On this point, the Complainant asserts that the Respondent has, without the authorization of the Complainant, used the disputed domain name to establish a bogus website that imitates the Complainant’s website. Additionally, the Respondent has developed that website in a way to direct users to other online locations, for purposes of collecting information about those online users.
The Respondent has not introduced any of its own evidence to contradict these assertions. The Panel finds that the Respondent’s activity – as described by the Complainant and supported by the record – does not rise to the level of a bona fide use of the disputed domain name, nor does it meet any of the other criteria set out in the Policy that could show the Respondent’s rights or legitimate interests in the disputed domain name. Accordingly, the Complainant has established, prima facie, that the Respondent lacks rights or legitimate interests in the disputed domain name, and the Respondent has not come forth with evidence to rebut that showing. The Panel finds that the Complainant has satisfied this second element of the Policy.
C. Registered and Used in Bad Faith
The Policy requires a complainant to establish that the domain name was registered and is being used in bad faith. The Policy describes several non-exhaustive circumstances demonstrating a respondent’s bad faith use and registration. Under paragraph 4(b)(iv) of the Policy, a panel may find bad faith when a respondent “[uses] the domain name to intentionally attempt to attract, for commercial gain, Internet users to [respondent’s] website or other online location, by creating a likelihood of confusion with complainant’s mark as to the source, sponsorship, affiliation, or endorsement of [respondent’s] website or location or a product or service on [the respondent’s] website or location”.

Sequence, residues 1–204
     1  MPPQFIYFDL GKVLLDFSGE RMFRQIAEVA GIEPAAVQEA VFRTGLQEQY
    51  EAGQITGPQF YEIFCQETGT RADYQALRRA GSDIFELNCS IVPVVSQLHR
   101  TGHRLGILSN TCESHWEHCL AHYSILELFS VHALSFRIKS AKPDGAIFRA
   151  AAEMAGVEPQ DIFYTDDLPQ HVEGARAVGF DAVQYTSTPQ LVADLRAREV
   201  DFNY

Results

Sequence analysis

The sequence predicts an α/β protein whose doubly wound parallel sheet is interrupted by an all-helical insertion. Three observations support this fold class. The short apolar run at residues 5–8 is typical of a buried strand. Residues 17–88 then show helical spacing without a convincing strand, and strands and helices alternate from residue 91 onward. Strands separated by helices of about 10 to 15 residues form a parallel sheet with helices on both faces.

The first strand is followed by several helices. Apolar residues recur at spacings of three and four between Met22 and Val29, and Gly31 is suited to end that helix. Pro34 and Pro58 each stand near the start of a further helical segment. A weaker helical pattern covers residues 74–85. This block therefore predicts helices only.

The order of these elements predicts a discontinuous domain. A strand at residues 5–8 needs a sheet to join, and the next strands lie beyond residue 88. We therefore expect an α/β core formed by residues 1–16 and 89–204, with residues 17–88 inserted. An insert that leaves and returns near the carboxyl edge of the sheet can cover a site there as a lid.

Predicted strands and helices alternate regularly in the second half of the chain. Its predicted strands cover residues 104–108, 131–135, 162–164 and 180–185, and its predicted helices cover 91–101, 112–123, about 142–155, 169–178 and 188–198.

The Panel finds, based on the available record, that the Respondent registered and is using the disputed domain name in bad faith. Establishing a website to essentially misrepresent its operator as the Complainant, and using the disputed domain name that incorporates the Complainant’s mark for purposes of gathering user information, is a clear example of bad faith registration and use under the Policy.
For the foregoing reasons, in accordance with paragraphs 4(i) of the Policy and 15 of the Rules, the Panel orders that the disputed domain name <macapproved.com> be transferred to the Complainant.
Evan D. Brown
Date: December 2, 2020